House prices have risen significantly over the past year. However, shrewd buyers can still get on the property ladder by taking advantage of government schemes. The Help to Buy: Equity Loan Scheme is one option that a large number of buyers have been taking advantage of during the current period of soaring house prices.
According to recent data, the 12 months ending in June 2021 saw the highest number of Help to Buy loans on record. However, rising house prices mean that those who take out these loans face higher repayments down the line. Here’s exactly what buyers need to know about the cost of Help to Buy loans.
How does the Help to Buy loan scheme work?
The scheme sees the government lend buyers up to 20% of the cost of a new home (40% if you are buying in London). So, with the loan, you only need to come up with a 5% deposit. You then take out a mortgage for the rest.
For the first five years, the loan is interest free. You will pay 1.75% interest in the sixth year and after that, interest rates will rise based on the Consumer Price Index (CPI) plus 2%.
The scheme is currently only available to first-time buyers and it can also only be used for new build homes.
What has happened with Help to Buy loans in the last year?
Recent data published by the government shows that a record 60,634 homes were bought using Help to Buy loans in the year to the end of June 2021. That is 43% higher than the figures for the year to June 2020 (42,318) and a new record.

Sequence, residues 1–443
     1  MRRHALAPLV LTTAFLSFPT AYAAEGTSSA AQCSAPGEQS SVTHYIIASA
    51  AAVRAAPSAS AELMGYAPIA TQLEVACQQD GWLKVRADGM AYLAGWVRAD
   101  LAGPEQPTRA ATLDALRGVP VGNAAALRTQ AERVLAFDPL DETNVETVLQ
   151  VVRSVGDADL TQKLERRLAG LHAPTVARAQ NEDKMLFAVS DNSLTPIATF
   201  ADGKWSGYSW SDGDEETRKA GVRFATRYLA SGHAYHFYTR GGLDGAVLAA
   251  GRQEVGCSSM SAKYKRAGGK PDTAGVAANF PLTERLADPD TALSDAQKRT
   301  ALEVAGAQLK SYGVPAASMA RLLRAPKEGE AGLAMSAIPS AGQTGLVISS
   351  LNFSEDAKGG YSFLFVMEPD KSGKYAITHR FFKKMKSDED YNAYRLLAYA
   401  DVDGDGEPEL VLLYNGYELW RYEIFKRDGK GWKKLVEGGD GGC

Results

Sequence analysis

Of the properties bought under the scheme in the year to June 2021, 51,544 were purchased by first-time buyers. This is 49% higher than in the year to June 2020.
The total number of homes bought using the Help to Buy scheme since it was launched in 2013 is 339,347, with 280,495 of these belonging to first-time buyers.
What do buyers need to know about the cost of Help to Buy?
According to Sarah Coles, senior personal finance analyst at Hargreaves Lansdown, “Anyone considering the Help to Buy equity loan scheme needs to be aware that rising prices could also make their loan eye-wateringly expensive further down the line.“
The reason is that when it comes to repaying the Help to Buy loan, the amount you repay depends on the value of your property rather than the amount borrowed. As home prices rise, so does the amount you must repay. If you borrowed 20% of the purchase price, you will repay 20% of the home’s value at the time of repayment.
Say, for example, that you took out a 20% loan to buy the average house in June 2015 and repaid it in June 2020. You would have to repay £7,581 more than you borrowed. Meanwhile, due to the rising market of the last year, someone repaying the loan a year later in 2021 would have to repay £10,557 more than they originally borrowed. So, last year’s rising market would have cost a buyer £3,000.
In a nutshell, it’s important to consider what a Help to Buy loan might cost you in the future before you borrow.
And once you get the loan, it also makes sense to pay it off as soon as you have the means to, especially as it’s likely the value of the property will rise in the future. This will help you avoid paying back significantly more than you borrowed. It will also allow you to fully benefit from any increase in the value of your property.
What other options are available for first-time buyers?
If you are currently working hard to build a deposit, there are other options outside of Help to Buy.
For example, if you are aged 18–39 and plan to buy your first property a year or more down the line, consider saving some of your deposit in a Lifetime ISA (LISA).
You can put up to £4,000 a year in a LISA and the government will give you a bonus of 25%. That’s up to £1,000 of free money from the government to use towards the purchase of a property.
For buyers with longer time frames, another good option is a stocks and shares ISA, which allows you to invest in the shares of top companies. Though investing in stocks is riskier, it has the potential to deliver higher returns than those of standard savings accounts, especially over the long term.
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Author: Sean LaPointe